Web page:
This year has brought more than its share of sleepless nights for many traders -- at least now they come with some big returns.

The S&P 500’s staggering rally from its March low has mostly been powered by a sentiment shift overnight, according to data compiled by Bloomberg. A trader who bought the SPDR S&P 500 ETF at the Wall Street close and sold at the next open would have made 23% since the trough compared with 13% for holding the same ETF only during normal trading hours, the data show.

In fact, the after-hours trade looks like it led the U.S. stock rebound. Overnight sentiment bottomed two days before the S&P 500, and outperformance measured from that date was even more extreme.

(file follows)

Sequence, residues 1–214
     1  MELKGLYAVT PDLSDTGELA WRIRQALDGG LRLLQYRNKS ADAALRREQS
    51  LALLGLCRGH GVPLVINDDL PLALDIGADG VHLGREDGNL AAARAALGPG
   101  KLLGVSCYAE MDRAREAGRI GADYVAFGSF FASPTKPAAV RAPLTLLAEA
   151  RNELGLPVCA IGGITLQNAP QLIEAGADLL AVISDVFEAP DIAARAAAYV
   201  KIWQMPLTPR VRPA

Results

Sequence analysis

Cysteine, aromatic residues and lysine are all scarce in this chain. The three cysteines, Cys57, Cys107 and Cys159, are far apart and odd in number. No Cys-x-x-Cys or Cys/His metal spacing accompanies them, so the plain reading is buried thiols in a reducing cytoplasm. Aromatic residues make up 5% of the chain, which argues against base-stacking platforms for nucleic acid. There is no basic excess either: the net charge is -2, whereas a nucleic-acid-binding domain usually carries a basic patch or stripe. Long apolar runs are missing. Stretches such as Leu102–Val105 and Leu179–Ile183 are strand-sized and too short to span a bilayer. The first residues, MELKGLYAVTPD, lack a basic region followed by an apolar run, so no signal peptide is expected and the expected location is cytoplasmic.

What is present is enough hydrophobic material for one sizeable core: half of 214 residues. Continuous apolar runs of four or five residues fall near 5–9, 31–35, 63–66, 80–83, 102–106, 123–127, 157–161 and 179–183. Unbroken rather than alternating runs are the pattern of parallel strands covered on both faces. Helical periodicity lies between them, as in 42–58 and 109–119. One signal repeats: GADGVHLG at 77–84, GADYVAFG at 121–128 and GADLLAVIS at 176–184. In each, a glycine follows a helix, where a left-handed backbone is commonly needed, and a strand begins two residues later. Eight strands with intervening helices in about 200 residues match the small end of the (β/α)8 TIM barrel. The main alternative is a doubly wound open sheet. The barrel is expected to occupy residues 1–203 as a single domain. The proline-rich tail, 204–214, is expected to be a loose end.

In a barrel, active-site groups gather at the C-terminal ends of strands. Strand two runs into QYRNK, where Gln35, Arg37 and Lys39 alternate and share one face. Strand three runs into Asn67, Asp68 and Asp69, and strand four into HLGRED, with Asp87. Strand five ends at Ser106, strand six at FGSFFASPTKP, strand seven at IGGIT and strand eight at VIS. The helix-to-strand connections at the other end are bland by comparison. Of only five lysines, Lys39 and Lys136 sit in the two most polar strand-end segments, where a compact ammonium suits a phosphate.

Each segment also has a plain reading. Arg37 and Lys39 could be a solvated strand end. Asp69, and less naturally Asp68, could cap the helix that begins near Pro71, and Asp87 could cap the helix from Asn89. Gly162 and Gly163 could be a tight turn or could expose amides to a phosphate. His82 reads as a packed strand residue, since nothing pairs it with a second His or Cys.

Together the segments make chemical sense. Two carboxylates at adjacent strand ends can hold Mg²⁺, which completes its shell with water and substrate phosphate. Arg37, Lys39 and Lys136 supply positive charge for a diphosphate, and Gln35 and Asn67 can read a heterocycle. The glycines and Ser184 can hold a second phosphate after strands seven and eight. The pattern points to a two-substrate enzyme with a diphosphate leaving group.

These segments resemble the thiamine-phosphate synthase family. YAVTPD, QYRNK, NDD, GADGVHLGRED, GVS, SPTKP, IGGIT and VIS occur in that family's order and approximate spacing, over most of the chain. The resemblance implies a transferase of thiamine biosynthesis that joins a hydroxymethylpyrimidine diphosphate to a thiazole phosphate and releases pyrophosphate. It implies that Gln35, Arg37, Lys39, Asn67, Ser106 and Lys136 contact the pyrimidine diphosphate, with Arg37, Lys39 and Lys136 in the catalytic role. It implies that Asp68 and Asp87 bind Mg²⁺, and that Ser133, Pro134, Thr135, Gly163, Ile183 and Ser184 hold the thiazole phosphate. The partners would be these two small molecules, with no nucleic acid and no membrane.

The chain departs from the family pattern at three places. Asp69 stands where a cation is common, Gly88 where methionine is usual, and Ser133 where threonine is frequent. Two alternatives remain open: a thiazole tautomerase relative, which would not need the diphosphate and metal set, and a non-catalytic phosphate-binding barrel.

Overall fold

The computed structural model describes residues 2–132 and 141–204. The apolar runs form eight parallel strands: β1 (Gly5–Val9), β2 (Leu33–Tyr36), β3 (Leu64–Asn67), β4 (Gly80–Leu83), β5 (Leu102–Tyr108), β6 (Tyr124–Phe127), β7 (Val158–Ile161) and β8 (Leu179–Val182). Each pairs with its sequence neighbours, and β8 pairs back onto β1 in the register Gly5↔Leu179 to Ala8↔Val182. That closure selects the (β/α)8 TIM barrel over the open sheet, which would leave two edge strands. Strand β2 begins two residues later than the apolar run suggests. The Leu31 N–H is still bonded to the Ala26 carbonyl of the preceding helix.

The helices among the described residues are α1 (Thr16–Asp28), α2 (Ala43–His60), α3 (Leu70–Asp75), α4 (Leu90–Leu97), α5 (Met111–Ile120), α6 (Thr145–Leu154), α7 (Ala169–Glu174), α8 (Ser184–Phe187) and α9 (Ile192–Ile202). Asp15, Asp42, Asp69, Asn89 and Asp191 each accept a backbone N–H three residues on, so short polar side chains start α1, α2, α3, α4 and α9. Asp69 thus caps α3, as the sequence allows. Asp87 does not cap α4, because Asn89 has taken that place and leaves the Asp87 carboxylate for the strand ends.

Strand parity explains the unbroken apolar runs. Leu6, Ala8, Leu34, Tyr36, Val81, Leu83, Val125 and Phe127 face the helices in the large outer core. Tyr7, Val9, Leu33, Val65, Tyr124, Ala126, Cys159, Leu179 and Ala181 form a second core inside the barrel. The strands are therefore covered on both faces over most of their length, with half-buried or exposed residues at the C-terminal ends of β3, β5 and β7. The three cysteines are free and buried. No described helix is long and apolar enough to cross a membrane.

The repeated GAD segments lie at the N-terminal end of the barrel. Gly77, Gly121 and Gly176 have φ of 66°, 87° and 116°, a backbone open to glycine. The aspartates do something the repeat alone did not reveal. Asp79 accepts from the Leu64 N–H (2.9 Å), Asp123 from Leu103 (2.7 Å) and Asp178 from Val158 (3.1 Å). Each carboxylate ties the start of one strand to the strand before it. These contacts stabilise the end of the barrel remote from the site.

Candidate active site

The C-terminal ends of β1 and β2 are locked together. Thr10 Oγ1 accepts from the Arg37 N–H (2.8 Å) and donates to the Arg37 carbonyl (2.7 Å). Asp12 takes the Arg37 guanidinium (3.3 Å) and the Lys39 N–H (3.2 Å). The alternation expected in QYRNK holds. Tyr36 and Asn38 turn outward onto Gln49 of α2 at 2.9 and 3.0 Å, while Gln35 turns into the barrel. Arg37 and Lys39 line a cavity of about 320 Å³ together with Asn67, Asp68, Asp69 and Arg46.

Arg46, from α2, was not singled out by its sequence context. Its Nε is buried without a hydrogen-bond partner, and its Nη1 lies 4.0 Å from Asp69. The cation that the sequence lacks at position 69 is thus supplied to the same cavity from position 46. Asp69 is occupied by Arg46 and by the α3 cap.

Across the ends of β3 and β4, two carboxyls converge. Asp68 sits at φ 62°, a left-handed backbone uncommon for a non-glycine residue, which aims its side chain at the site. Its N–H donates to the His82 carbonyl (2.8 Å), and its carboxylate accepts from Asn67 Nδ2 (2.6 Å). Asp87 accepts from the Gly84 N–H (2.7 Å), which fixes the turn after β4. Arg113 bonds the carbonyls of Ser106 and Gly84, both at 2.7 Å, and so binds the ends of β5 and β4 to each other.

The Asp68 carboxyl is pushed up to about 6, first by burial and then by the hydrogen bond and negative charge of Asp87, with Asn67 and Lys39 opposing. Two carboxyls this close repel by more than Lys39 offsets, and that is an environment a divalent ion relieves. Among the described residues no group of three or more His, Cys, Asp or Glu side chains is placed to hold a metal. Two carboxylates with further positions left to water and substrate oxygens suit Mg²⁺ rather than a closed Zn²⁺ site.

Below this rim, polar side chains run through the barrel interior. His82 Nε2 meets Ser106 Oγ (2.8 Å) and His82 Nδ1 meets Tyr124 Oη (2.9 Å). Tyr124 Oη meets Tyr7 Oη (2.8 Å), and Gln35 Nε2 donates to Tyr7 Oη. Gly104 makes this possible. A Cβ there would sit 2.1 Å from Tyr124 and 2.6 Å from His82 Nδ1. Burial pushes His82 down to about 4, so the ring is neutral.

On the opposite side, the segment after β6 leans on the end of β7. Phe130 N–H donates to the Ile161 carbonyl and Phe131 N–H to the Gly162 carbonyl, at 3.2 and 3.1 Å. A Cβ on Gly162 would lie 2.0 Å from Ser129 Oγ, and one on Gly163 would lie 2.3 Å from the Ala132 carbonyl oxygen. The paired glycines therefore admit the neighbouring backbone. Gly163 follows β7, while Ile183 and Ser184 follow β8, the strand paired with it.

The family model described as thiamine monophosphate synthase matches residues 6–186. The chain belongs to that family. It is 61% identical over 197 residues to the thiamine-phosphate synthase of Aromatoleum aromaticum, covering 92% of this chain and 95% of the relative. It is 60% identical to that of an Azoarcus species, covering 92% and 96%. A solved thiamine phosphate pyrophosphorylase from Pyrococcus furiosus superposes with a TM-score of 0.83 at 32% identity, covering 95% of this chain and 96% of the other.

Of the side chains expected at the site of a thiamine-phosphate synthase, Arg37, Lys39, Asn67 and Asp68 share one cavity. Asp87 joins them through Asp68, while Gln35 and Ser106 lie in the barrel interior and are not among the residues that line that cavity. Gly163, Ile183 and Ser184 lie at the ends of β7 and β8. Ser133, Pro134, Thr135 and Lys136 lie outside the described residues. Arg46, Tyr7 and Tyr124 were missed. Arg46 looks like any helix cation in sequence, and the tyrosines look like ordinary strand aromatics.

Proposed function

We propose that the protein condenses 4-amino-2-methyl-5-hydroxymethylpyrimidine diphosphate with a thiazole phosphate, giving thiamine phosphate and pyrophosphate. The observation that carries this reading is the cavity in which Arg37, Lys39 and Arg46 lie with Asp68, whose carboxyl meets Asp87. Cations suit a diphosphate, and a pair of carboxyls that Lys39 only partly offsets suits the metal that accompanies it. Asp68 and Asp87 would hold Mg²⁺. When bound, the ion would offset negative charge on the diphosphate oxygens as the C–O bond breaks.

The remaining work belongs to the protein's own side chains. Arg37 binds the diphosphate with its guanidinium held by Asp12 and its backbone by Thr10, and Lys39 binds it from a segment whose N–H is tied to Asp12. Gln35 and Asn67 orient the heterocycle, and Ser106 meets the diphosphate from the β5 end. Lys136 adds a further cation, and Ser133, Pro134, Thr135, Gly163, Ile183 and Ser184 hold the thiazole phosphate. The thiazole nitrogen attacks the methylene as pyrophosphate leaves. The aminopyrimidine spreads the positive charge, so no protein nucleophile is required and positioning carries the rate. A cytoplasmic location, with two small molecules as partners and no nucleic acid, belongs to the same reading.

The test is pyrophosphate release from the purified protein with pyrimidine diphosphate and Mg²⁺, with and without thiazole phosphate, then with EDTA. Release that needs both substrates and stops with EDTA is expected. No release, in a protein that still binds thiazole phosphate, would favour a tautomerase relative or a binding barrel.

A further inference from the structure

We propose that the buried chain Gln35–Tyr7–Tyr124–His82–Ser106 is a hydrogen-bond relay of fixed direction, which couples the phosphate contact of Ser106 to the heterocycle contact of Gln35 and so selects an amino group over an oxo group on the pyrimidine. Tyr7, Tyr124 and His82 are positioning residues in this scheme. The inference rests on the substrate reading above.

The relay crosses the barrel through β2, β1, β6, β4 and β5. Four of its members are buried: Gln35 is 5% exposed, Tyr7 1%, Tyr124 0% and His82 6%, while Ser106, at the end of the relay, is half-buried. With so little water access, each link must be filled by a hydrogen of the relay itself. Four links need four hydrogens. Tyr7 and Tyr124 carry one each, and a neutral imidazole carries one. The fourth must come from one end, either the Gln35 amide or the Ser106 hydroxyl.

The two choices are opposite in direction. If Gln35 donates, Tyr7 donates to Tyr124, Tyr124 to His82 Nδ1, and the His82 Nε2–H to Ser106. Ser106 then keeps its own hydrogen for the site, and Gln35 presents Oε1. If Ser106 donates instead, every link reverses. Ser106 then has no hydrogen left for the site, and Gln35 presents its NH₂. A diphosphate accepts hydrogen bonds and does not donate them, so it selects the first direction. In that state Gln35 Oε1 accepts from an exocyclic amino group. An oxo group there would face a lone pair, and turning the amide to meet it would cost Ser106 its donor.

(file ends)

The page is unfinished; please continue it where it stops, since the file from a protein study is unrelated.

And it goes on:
“It reflects the optimism in the U.S. stock market from investors in Asia, as the Fed gave the green light to own U.S. assets,” said Dave Lutz, a managing director at JonesTrading who was referring to the central bank’s emergency measures.

The return to form for the trade, which historically outperforms but was derailed in the coronavirus turmoil, adds another layer of mystery to the market’s current defiance of gravity. The S&P 500 is up by more than a third since March even as the pandemic batters the economy and large-scale protests sweep America.

The trade may look like easy money, but it also means holding a position that could swing wildly amid an unpredictable news flow.

As the virus began to spread through the world at the start of the year, headlines rolled in throughout the night and the after-hours strategy lost 30% in the first quarter, according to Bespoke Investment Group. The day trade gained 6%.

For now, however, investors seem to have moved on from the first quarter chaos and put night terrors to one side.

This article was provided by Bloomberg News.